MakerGear M2: V4 Nozzle vs. Re-Relocated Z-axis Switch

Mounting the Z-axis platform switch on the X gantry to sense the actual platform position worked perfectly with the original MakerGear V3 hot end, at least after I relocated the switch a bit further from the balance point. It does require moving the nozzle off the platform before homing the Z axis, for the obvious reason:

M2 Z-min switch - center gantry - in action

M2 Z-min switch – center gantry – in action

The smaller MakerGear V4 hot end uses a completely different mount that puts the nozzle higher than the switch lever:

M2 V4 hot end vs platform Z switch

M2 V4 hot end vs platform Z switch

The clearances were close enough to rule out plastic, so I bandsawed some 33 mil (1/32 inch) brass shim stock and drilled holes in the appropriate spots:

Brass switch bracket - drilling

Brass switch bracket – drilling

After discovering the blindingly obvious fact that you can’t heat brass sheets clamped to a steel vise enough to melt silver solder, I padded the brass with cardboard insulation and tried again:

Brass switch bracket - clamped for soldering

Brass switch bracket – clamped for soldering

The cardboard charred and burned and stank up the shop, but held everything in alignment long enough:

Brass switch bracket - soldered

Brass switch bracket – soldered

A bit of file & sandpaper work shined it up just fine, then I slotted the lower mounting holes enough to accommodate 2-56 nuts between the gantry and the bracket:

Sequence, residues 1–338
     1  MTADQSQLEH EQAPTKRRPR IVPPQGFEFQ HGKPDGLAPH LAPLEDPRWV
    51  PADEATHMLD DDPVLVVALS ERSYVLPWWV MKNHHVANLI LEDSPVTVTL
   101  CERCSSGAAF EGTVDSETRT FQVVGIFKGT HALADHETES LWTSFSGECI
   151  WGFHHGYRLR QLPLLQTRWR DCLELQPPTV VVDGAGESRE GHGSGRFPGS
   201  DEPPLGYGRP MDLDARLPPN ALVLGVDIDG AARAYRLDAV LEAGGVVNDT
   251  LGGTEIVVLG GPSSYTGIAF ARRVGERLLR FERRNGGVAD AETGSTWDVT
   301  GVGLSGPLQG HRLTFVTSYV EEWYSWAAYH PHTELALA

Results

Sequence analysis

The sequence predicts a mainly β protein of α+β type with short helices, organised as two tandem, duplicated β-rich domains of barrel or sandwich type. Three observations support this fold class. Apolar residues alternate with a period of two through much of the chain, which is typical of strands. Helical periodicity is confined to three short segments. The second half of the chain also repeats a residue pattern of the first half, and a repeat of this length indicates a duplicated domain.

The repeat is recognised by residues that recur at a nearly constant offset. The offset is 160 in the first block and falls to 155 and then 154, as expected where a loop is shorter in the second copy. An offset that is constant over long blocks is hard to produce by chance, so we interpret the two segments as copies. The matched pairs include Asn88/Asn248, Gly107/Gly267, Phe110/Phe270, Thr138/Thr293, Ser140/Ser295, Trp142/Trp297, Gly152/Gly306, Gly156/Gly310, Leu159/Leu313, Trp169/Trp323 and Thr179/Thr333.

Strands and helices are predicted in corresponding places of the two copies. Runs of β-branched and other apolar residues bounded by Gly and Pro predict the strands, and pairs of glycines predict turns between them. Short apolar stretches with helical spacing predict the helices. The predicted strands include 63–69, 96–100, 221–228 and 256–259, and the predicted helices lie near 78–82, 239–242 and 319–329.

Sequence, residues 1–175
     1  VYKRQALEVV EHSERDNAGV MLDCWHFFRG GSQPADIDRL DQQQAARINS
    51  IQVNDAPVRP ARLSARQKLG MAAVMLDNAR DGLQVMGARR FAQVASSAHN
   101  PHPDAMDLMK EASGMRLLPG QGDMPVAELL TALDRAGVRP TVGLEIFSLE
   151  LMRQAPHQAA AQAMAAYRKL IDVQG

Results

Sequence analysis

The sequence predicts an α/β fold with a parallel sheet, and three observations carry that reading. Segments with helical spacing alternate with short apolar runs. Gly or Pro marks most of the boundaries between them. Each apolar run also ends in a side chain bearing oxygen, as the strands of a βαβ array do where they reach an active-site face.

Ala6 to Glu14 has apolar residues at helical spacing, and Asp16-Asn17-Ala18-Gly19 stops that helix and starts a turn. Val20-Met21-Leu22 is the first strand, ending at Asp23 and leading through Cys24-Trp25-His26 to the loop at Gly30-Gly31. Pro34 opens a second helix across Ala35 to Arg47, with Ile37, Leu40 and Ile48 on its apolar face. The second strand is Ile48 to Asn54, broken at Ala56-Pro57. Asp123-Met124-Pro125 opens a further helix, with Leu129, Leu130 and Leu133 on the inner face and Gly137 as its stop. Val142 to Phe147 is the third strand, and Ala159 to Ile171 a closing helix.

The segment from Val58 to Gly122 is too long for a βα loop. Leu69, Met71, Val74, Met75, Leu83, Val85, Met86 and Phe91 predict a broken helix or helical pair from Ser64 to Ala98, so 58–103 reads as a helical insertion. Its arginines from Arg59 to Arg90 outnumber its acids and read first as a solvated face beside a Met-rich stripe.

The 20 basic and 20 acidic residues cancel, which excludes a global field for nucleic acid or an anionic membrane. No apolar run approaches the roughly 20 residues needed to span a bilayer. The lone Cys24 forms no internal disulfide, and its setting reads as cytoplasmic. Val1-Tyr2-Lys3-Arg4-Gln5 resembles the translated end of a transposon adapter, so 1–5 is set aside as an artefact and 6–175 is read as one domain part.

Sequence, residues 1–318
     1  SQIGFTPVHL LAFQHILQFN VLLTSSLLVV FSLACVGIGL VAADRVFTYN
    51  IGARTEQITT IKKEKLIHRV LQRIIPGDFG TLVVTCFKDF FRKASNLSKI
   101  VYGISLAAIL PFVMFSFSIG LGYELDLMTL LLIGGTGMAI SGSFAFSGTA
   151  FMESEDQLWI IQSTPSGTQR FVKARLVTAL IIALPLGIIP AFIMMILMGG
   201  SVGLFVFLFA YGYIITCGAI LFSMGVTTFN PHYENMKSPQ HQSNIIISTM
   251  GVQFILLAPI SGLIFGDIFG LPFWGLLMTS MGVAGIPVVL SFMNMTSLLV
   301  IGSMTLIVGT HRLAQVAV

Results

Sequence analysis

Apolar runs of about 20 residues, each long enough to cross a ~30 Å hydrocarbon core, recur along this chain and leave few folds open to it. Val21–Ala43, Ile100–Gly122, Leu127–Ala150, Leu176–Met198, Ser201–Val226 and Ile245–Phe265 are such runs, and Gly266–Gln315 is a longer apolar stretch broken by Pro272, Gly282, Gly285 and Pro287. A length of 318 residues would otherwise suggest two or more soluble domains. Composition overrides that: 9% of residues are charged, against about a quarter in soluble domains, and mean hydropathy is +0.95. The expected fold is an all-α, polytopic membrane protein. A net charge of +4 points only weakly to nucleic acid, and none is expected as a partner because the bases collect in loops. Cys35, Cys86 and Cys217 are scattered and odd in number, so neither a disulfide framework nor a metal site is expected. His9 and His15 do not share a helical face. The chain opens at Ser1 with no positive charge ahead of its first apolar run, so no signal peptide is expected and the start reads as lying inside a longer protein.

Brass switch bracket - mounted - front view

Brass switch bracket – mounted – front view

Yeah, I could tap 2-56 holes into the brass sheet, but let’s be reasonable: two turns does not a secure fitting make.

Here’s why a plastic bracket wouldn’t work:

Brass switch bracket - side view

Brass switch bracket – side view

That’s with the V4 hot end aligned per instructions, although I may rotate it 1/4 turn clockwise at some point. Note that there’s no filament going in the top, as I did all this before firing that devil up for the first time.

The switch lever had enough free travel that the platform would hit the bottom of the X axis linear slide screws before activating the switch, but lowering the switch would put the lever below the nozzle. I added a 15 mil brass shim to the lever and it’s all good:

Brass switch bracket - lever shim detail

Brass switch bracket – lever shim detail

Admittedly, the lever rests a bit less than 1.000 mm above the nozzle, but we’ll see how much trouble that causes.

The switch trips 2.0 mm above the nozzle, so the new startup G-Code looks like this:

;-- Slic3r Start G-Code for M2 starts --
;  Ed Nisley KE4NZU - 2015-03-01
;  Makergear V4 hot end
; Z-min switch at platform, must move nozzle to X=135 to clear
M140 S[first_layer_bed_temperature]	; start bed heating
G90				; absolute coordinates
G21				; millimeters
M83				; relative extrusion distance
G92 Z0			; set Z to zero, wherever it might be now
G1 Z10 F1000	; move platform downward to clear nozzle; may crash at bottom
G28 Y0			; home Y to clear plate, origin in middle
G92 Y-127
G28 X0			; home X, origin in middle
G92 X-100
G1 X130 Y0 F30000	; move off platform to right side, center Y
G28 Z0			; home Z to platform switch, with measured offset
G92 Z-2.00
G0 Z2.0			; get air under switch
G0 Y-127 F10000	; set up for priming, zig around corner
G0 X0			;  center X
G0 Y-125.0		; just over platform edge
G0 Z0 F500	; exactly at platform
M109 S[first_layer_temperature]	; set extruder temperature and wait
M190 S[first_layer_bed_temperature]	; wait for bed to finish heating
G1 E20 F300		; prime to get pressure, generate blob on edge
G0 Y-123		; shear off blob
G1 X15 F20000	; jerk away from blob, move over surface
G4 P500			; pause to attach
G1 X45 F500		; slowly smear snot to clear nozzle
G1 Z1.0 F2000	; clear bed for travel
;-- Slic3r Start G-Code ends --

The prime-and-wipe section accommodates gooey PETG, although that will require more attention.